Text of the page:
• Inorganic persistent luminescent phosphors are an excellent class of optical reporters for enabling sensitive point-of-care diagnostics, particularly with smartphone-based biosensing devices in testing formats such as the lateral flow assay (LFA). Here, the development of persistent phosphors for this application is focused on the solid solution (Sr 1-δBa δ) 2MgSi 2O 7:Eu 2+,Dy 3+ (δ = 0, 0.125, 0.25, 0.375), which is prepared using a high-temperature solid-state reaction as confirmed by synchrotron X-ray powder diffraction. The substitution of barium for strontium enables control over the Eu 2+ 5d-orbital crystal field splitting (CFS) as a tool for tuning the emission wavelengthmore » while maintaining luminescence lifetimes >9 min across the composition range. Thermoluminescence measurements of the solid solution provide evidence that trap states contribute to the persistent lifetimes with the trap depths also remaining constant as a function of composition. Time-gated luminescence images of these compounds are captured on a smartphone arranged in a layout to mimic a point-of-care test and demonstrate the viability of using these materials as optical reporters. Moreover, comparing the blue-emitting (Sr 0.625Ba 0.375) 2MgSi 2O 7:Eu 2+,Dy 3+ and the green-emitting SrAl 2O 4:Eu 2+,Dy 3+ in a single LFA-type format shows these two compounds can be detected and resolved simultaneously, thereby permitting the development of a multiplexed LFA.« less
  • Although adoption of newer Point-of-Care (POC) diagnostics is increasing, there is a significant challenge using POC diagnostics data to improve epidemiological models. In this work, we propose a method to process zip-code level POC datasets and apply these processed data to calibrate an epidemiological model. We specifically develop a calibration algorithm using simulated annealing and calibrate a parsimonious equation-based model of modified Susceptible-Infected-Recovered (SIR) dynamics. The results show that parsimonious models are remarkably effective in predicting the dynamics observed in the number of infected patients and our calibration algorithm is sufficiently capable of predicting peak loads observed in POC diagnosticsmore » data while staying within reasonable and empirical parameter ranges reported in the literature. Additionally, we explore the future use of the calibrated values by testing the correlation between peak load and population density from Census data. Our results show that linearity assumptions for the relationships among various factors can be misleading, therefore further data sources and analysis are needed to identify relationships between additional parameters and existing calibrated ones. As a result, calibration approaches such as ours can determine the values of newly added parameters along with existing ones and enable policy-makers to make better multi-scale decisions.« less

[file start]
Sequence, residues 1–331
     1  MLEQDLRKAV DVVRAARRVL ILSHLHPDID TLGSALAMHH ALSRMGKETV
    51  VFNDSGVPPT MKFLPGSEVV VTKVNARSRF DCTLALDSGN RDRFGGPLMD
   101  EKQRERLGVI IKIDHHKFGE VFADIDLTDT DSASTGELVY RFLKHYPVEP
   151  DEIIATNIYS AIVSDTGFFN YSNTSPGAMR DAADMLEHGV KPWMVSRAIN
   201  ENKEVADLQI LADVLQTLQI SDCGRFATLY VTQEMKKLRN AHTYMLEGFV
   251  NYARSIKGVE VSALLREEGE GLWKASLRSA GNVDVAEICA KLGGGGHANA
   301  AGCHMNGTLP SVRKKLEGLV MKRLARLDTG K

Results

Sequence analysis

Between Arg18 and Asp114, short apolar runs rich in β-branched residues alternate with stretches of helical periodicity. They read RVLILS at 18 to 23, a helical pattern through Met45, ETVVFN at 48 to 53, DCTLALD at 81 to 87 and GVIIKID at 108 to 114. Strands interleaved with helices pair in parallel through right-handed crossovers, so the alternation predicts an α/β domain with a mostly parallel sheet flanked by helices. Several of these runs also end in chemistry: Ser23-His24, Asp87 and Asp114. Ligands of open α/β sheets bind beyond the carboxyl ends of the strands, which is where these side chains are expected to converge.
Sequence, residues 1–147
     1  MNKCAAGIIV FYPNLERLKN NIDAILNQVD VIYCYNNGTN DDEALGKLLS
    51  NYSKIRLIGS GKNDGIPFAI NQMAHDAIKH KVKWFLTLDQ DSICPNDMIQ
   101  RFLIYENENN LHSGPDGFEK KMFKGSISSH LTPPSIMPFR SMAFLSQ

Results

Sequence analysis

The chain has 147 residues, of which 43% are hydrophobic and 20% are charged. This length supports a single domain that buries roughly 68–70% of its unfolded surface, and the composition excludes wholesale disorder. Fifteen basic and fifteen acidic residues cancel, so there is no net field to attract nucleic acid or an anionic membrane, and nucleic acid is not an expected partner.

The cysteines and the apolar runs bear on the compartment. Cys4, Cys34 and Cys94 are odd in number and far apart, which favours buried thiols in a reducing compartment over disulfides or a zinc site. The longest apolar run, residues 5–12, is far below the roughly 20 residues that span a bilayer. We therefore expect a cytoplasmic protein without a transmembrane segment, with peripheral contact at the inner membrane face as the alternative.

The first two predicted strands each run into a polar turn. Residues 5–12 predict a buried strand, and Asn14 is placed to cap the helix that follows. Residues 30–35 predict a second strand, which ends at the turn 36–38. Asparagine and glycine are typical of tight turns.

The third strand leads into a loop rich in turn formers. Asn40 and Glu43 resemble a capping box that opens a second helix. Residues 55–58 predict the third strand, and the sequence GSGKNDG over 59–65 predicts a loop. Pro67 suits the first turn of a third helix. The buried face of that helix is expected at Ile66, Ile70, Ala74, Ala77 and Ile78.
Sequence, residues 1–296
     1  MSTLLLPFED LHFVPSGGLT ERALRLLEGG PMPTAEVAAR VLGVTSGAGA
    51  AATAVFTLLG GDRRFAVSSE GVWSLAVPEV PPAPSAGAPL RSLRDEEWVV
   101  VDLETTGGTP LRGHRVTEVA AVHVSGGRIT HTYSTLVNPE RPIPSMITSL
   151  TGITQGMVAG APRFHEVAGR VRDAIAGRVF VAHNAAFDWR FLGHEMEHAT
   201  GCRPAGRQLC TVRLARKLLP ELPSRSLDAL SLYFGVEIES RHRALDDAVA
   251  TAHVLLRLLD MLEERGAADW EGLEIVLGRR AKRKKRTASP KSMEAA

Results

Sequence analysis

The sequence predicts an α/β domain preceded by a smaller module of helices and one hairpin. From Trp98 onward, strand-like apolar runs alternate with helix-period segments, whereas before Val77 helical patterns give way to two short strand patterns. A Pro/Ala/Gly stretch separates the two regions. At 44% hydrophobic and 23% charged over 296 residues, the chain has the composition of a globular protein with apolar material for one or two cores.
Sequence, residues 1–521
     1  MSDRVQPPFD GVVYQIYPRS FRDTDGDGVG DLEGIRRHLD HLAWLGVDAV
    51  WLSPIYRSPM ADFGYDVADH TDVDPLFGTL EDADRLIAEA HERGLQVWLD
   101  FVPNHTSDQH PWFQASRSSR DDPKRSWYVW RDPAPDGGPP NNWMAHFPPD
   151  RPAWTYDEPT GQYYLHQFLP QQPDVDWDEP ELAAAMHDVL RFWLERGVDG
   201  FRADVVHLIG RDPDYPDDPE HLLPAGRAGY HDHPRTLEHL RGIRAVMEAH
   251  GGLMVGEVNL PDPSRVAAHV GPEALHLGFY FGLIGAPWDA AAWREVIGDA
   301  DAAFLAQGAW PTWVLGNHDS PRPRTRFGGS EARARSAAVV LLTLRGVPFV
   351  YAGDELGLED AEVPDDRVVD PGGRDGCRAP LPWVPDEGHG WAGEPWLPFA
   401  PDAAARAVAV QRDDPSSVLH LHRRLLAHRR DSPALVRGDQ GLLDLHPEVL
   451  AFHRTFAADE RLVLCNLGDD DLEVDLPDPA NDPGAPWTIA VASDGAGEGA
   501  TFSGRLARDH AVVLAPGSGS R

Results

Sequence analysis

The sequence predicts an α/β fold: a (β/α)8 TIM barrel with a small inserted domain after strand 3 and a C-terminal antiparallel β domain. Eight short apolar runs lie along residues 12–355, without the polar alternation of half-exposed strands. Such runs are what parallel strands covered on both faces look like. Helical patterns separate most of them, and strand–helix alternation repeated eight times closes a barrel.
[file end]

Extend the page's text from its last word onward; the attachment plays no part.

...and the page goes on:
• A new DNA diagnostic and sequencing system has been developed that uses time-of-flight resonance ionization mass spectrometry (TOF-RIMS) to provide a rapid method of analyzing stable isotope-labeled oligonucleotides in form 1 sequencing by hybridization (SBH). With form 1, the DNA is immobilized on a nylon membrane and enriched isotope-labeled individual oligonucleotide probes are free to seek out complementary DNAs during hybridization. The major advantage of this new approach is that multiple oligonucleotides can be labeled with different enriched isotopes and can all be simultaneously hybridized to the genosensor matrix. The probes can then be simultaneously detected with TOF-RIMS with highmore » selectivity, sensitivity, and efficiency. By using isotopically enriched tin labels, up to 10 labeled oligonucleotides could be examined in a single hybridization to the DNA matrix. Greater numbers of labels are available if rare earth isotopes are employed. In the present study, matrices containing three different DNAs were prepared and simultaneously hybridized with two different probes under a variety of conditions. The results show that DNAs, immobilized on nylon surfaces, can be specifically hybridized to probes labeled with different enriched tin isotopes. Discrimination between complementary and noncomplementary sites of better than 100 was obtained in multiplexed samples. 34 refs., 5 figs.« less